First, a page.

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  • Planning web portal - new to Spring

    Hello Spring users,

    I am currently planning a web portal and would like to use Spring as a server side framework, but have never used it before. Although I have several years of experience in medium and large scale web development, most of it has been on the LAMP stack. For this project I would like to switch to a java-based environment since I think java is better suited to keep a large code base coherent.

    The planned portal system consists of these main aspects:
    • complex content management (articles and media)
      • rights management for most items (pages, media, groups)
      • upload and editing
      • i18n
    • user participation (comments, PMs, content upload)
    • eventual seamless forum integration (I don't want to write one myself)
    By reading articles and hearsay together with my experience and resources I chose the following core components for my architecture:
    • Linux as operating system
    • Apache Tomcat as web server
    • Spring as server side framework
    • Google Web Toolkit as client side framework
    As you see there is no specific data base system included, I am not yet sure what to use but tending toward using MySQL because I have worked with it before.

    My questions to you are now:

    Do these combinations make sense to you?
    Do you have experince with similar projects?
    Do you know good tutorials and/or examples, tips&tricks for Spring in general or Spring related to one of my goals?
    Which parts of Spring should I use, and for what part of the portal?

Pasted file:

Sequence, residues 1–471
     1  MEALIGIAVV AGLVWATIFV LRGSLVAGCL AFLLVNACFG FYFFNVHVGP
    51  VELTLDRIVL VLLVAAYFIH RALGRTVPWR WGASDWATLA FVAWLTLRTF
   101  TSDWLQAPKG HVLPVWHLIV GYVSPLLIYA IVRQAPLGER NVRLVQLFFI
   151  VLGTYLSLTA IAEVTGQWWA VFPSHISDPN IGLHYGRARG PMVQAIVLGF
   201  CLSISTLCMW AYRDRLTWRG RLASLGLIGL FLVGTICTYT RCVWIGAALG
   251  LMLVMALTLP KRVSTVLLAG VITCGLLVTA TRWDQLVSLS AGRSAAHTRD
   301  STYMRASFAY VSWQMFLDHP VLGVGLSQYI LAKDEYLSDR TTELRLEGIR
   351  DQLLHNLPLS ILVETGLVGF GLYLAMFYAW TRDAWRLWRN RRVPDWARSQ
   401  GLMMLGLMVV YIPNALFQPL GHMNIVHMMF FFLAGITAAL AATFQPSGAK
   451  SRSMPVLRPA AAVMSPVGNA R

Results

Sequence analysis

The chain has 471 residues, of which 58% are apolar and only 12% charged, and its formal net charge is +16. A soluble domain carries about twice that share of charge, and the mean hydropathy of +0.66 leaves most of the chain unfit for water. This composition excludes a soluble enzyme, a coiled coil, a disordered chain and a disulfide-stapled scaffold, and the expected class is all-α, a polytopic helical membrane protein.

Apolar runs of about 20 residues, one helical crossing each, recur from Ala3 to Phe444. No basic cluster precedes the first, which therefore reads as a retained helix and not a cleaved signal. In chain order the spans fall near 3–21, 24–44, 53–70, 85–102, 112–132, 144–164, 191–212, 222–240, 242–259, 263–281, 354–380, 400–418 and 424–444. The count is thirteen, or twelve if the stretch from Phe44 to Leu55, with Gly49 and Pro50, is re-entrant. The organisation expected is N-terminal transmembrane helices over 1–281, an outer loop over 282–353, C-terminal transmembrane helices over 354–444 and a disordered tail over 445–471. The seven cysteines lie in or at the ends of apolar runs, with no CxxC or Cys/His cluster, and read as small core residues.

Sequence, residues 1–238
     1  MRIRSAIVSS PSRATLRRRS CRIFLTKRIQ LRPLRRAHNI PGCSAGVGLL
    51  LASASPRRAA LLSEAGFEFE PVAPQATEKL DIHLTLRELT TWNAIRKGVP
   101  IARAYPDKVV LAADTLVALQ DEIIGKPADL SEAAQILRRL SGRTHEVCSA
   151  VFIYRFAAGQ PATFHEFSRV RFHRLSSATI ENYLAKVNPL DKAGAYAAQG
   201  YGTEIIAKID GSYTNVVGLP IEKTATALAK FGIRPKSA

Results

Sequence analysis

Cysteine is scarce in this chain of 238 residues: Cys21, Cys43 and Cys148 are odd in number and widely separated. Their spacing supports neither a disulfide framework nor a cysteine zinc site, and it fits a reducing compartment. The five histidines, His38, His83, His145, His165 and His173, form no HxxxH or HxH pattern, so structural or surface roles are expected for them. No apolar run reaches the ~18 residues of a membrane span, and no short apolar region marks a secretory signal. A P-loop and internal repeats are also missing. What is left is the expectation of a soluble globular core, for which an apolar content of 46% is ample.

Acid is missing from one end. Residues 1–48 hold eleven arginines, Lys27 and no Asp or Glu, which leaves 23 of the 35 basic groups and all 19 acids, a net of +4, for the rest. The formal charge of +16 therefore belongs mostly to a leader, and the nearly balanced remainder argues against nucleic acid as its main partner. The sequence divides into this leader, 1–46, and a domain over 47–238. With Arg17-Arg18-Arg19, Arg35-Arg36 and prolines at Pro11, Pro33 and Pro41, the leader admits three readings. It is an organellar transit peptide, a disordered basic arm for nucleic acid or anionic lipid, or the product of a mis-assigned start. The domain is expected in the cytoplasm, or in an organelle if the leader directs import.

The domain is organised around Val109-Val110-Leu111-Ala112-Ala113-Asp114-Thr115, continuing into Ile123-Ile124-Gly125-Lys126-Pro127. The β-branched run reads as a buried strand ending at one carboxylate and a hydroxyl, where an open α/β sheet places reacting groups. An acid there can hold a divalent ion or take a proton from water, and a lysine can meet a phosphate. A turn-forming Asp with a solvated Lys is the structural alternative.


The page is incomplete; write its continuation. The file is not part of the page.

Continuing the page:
Is there an existing (and good) user/rights mangement system for Spring (as used for websites)?
    I am not yet too familiar with the integration of java objects with DBMS'. For instance, I'm worried about the lookup and search performance. Are there places where I can read more about it?

    I am interested in anything you could offer about any of my ideas!

    Thank you for your help!

    Aragos
    aka Peter Schmitt

  • #2
    architecture

    Linux is a good server choice. Very easy to maintain. Tomcat will work as an application server as long as the user load isn't too heavy. My employer tried to use Tomcat as the backend server for an ERP system (Lawson) and reporting server (BOXI), and had all kinds of scalability issues. But for small - medium loads it should be fine. Keep in mind too that if you are doing a portal application you will need a portal container such as Jetspeed.

    As far as application architecture goes, we are using:

    * Hibernate for the database -> Java object mapping
    * Spring to manage business logic, transactions, etc.
    * Spring's PortalMVC as the frontend framework for our portlets

    Google's framework looks nice, but you are taking a risk using it as it is not widely used. I personally would stick with more common solutions for the front tier such as Struts, Spring's Web/Portal MVC, etc., mixed with JSPs and if necessary an Ajax toolkit such as ajaxtags.

    jh

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    • #3
      Have you considered Liferay [www.liferay.com]? It's an open source portal solution built on Spring, Hibernate, and the Java Content Repository. I haven't used it myself but I've installed it and it looks great.